Here’s something you probably didn’t expect to hear this week form Finland: they’ve added Demoscene to the UNESCO list of intangible cultural artifacts. According the Finnish Heritage Agency Demoscene is “an international community focused on making demos, real-time audiovisual performances that creatively combine programming, graphics and sound.” Finland beat everyone else to the punch to get demoscenes listed under their purview – good for them!
This is a fun reminder of the nifty cultural practices that exist all around the world.
Jukka O. Kauppinen, Finnish Journalist and demoscene veteran since the 1980s, is happy: â€œDemoskene inspires to create, express and to do. While it revolves around digital devices, at its core demoscene is communal, connecting people and groups across borders. The inclusion of demoskene on the Finnish listing of intangible cultural heritage is an important indication that it is still possible to birth and grow completely new cultures and content, even in the digital realm. And demoscene is one that still rapidly evolves, changes and creates new stories to remember.â€
The fact that the Finnish application was created by the Finnish demoscene culture in support by a wide range of institutions and partners shows, how connected and relevant the demoscene is in Finnish digital culture until today. A big thank you from us go to the communities and drivers behind the Finnish submission, namely Satu Haapakoski, Heikki Jungman, Jukka O. Kauppinen and Markku Reunanen, supported by many more.
The Helsinki bus station theory will change you life and now the Finnish government wants to change people’s lives by making cars pointless. In the coming decades they will make use of data and various transportations to make owning a car a pointless exercise in futility. In many urban centres car ownership is a fool’s game and Helsinki is just making this point clearer.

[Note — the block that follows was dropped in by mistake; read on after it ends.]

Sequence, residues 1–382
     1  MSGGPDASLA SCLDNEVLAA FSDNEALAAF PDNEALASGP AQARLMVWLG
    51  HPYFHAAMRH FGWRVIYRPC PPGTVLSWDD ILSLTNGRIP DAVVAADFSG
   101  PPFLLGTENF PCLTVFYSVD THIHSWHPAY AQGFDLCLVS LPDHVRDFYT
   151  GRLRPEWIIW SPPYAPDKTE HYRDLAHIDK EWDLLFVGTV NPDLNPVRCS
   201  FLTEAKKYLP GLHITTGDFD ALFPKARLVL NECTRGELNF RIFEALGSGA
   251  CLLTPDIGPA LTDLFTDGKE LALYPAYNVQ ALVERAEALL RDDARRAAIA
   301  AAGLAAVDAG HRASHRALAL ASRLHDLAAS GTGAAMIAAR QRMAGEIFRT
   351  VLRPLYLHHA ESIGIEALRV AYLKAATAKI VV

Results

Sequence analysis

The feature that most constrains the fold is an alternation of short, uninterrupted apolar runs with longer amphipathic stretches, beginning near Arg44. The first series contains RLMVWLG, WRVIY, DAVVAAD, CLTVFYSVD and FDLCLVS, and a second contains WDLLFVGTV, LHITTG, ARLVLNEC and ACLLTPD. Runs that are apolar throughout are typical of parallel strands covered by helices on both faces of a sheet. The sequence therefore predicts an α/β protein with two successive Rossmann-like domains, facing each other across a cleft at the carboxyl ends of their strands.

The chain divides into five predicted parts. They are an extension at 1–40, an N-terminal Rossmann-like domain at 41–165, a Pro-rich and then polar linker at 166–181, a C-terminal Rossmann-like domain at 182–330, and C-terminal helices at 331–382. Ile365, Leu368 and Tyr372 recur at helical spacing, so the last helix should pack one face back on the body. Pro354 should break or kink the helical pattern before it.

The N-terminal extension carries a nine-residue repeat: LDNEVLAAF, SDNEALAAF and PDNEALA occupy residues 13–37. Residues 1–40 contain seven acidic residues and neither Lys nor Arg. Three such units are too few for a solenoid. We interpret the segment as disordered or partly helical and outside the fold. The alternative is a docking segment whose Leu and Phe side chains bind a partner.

The ultimate solution for Finland is to create an app for on-demand transport.
As the new system is envisioned, you would use an app on your smart phone to say where you are and where you want to go, and the app would not only give you all the best options, but it would allow you to pay on the spot. This new network, envisioned by a graduate student, would include also cars on demand, but not privately owned.
Interestingly, this new system was designed by a young woman, Sonja HeikkilÃ¤. HeikkilÃ¤ wrote a white paper outlining all the features of the system, which she says will be more attractive to Millenials than car ownership. Here’s how it would work, according to HeikkilÃ¤:
“Imagine that Piritta boards a tram, alights from it a couple of stops later, and hires a bicycle to travel to work. After work, she orders a car of [sic] demand responsive transport and travels to the sport hall, where her training equipment already waits for her. Finally, after practice she shares a ride in a shared car and travels home. Piritta uses all services through her personal mobility operator and the use of services is charged directly from her account.”
Finland has one of the best education systems in the world and repeatedly ranks amongst the top 3. Why? Basically Finland’s education system is diametrically opposite to how education in North America. Kids are allowed to play, homework is scarce, and teachers are treated with respect.